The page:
Legislature Super Diary from the Fun Part of Hell: Entry No. 8

I’m sitting through a meeting of the House Voters and Elections Committee. I’m also wafting in utter essence of politics.

We think we elect people, but the legislators at the Roundhouse during this 30-day legislative session are not, actually, people. They are letters. They are either “D,” or they are “R.”

There are seven Democrats and six Republicans on this committee. They will vote on two issues over the next one-and-a-half hours : health care, and minimum wage. The votes will run straight down party lines. 7-6, 7-6.

Nate Gentry, a Republican from Albuquerque, makes the strongest impression on me of anyone here. “What does ‘affordable’ mean?” he bullshits through a smirk, exaggeratingly throwing his hands in the air, and saying over and over “I don’t mean to be flip,” even though he does.

“What does ‘accessible’ mean?” Weak.

House Joint Resolution 23 seeks to amend the New Mexico Constitution to include this: “Health care is a fundamental right that is an essential safeguard of human life and dignity. The state shall ensure that every resident has the opportunity to realize this right by establishing a comprehensive system of quality health care that is accessible to each resident on an equitable basis regardless of ability to pay.”

Rep. Gail Chasey (D-Albuquerque) is sponsoring the resolution, and she’s brought, as an expert, a med student from UNM whose first name is James (I was late to this hearing, and trapped in my seat once I got there, so I never got his last name). Dr. James (as he shall henceforth be known on The Flip Side) is feisty, loud, and grasps this subject quite well. He appears to have put a lot of work into drafting those two sentences.

For a bill to become law, it must survive committee. “Agriculture and Water Resources,” for example, is a committee. Or “Appropriations and Finance.” Or “Indian and Cultural Affairs.” Etc…. (The one I’m at, again, is “House Voters and Elections.”)

Committee is where lawmakers make their bones, voting “Yes” or “No” based on all sorts of variables. Any of these committees can kill a bill by voting it down.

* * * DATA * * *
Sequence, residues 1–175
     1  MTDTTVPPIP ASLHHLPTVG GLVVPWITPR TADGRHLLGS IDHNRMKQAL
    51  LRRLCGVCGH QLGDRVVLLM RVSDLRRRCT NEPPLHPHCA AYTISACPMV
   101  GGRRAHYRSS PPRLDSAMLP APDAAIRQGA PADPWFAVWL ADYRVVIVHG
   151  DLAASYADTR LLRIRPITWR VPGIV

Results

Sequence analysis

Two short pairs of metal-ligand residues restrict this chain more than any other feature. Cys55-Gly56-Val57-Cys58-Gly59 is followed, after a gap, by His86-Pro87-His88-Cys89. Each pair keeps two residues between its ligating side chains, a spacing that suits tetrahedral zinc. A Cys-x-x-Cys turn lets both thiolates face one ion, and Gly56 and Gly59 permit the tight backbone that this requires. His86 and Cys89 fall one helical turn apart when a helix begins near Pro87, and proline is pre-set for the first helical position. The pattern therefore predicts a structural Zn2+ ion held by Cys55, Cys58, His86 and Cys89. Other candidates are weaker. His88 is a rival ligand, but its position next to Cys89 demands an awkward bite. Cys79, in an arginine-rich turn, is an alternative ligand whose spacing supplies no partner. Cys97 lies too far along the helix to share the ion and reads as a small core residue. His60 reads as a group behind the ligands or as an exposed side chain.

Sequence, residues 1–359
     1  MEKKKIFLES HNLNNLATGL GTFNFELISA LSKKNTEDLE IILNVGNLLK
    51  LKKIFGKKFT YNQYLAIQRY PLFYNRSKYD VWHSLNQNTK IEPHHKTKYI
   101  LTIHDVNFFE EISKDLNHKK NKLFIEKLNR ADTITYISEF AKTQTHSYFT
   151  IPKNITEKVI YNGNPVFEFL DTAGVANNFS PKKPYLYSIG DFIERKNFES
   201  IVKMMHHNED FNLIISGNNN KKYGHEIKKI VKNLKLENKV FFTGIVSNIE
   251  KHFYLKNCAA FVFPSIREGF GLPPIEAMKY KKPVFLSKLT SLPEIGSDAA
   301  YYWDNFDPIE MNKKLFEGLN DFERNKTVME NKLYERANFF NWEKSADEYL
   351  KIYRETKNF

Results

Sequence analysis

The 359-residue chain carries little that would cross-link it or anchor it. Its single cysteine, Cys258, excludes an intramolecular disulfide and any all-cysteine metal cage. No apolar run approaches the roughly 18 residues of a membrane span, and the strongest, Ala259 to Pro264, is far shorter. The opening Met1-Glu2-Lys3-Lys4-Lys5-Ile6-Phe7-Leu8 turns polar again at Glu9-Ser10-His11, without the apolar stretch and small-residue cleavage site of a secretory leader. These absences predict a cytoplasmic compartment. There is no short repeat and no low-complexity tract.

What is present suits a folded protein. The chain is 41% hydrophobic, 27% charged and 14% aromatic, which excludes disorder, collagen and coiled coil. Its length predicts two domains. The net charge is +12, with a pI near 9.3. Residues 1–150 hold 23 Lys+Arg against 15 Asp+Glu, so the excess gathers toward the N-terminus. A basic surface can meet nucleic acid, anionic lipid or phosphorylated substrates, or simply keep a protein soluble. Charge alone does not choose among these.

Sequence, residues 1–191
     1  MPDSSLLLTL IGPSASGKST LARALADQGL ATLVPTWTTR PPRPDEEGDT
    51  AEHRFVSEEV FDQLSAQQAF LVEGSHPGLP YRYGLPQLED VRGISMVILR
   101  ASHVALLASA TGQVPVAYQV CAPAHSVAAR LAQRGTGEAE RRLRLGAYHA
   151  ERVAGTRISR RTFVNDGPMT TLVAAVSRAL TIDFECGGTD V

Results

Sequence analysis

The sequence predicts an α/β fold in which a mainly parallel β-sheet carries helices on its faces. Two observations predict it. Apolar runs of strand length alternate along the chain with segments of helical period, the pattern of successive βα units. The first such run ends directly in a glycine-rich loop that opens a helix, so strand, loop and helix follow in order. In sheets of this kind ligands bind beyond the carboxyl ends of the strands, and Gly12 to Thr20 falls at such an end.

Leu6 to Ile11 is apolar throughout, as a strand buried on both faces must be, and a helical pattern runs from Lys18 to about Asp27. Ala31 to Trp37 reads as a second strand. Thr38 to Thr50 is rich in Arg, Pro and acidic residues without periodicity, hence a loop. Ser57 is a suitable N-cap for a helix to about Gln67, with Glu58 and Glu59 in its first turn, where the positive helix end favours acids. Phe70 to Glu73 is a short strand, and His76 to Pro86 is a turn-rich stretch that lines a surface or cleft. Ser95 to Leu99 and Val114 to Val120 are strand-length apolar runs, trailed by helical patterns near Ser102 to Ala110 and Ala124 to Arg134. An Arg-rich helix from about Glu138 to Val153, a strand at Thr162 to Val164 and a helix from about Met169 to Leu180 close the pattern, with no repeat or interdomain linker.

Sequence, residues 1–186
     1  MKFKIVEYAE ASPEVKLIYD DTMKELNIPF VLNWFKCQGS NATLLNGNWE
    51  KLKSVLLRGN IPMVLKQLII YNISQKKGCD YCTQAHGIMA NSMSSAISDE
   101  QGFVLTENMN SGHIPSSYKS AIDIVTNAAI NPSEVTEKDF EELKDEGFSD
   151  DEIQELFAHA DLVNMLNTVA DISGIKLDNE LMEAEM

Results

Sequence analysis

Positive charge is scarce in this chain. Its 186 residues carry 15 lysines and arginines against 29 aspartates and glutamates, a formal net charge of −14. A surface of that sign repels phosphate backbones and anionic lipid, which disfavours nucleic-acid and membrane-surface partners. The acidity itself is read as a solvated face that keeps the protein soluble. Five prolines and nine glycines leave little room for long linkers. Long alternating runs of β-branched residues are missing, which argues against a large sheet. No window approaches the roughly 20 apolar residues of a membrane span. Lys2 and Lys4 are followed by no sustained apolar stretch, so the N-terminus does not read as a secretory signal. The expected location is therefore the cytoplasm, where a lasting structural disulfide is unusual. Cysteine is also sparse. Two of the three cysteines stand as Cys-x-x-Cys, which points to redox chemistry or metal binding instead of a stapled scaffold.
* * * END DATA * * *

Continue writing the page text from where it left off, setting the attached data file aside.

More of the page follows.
Or they can chicken out and table it, in which case it’s also dead.

This is the meat of a legislative session. It’s the whole reason all these big-shot men and women – warrior-like survivors of an odious election process – have come together in Santa Fe for 30 straight exhausting days.

To haggle over bills.

Bills to salve society’s wounds are introduced by the dozens. They swim against the current, to live or die.

The chairperson (like a capo on “Sopranos”) is overseeing this Voters and Elections meeting, and asks if anyone in the audience would like to speak against the proposed constitutional amendment. This happens at every committee meeting, for every bill.

Lots of hands go up. Seven people who identify themselves as “registered lobbyists” for various health insurance companies (United, Blue Cross Blue Shield…) stand and speak for about one minute apiece.

“…puts us on the road to socialized medicine” is one phrase that’s deployed, by a woman with short, asymetrical black hair, whose huge suit collar has sparkling little spots all over it. Also brandished about by The Seven Lobbyists is the term “fiscal impact.”

Fiscal impact. Fiscal impact. Fiscal impact.

One guy, actually here to speak on another bill, raises his hand when it’s time for supporters. He’s the only one. He says he was diagnosed with Stage 3 Hodgekins Lymphoma some years ago and “if not for social medicine, I would not be here.”

Dr. James has to speak when the “audience” of mostly lobbyists is done. Quite loudly, he points out that the leading cause of bankruptsies in the country is health care costs, for people who already have health insurance. (When this hearing is over, Dr. James will actually flabergast one of the lobbyists by flashing her a huge smile on his way out of the room. She will act incredulous.)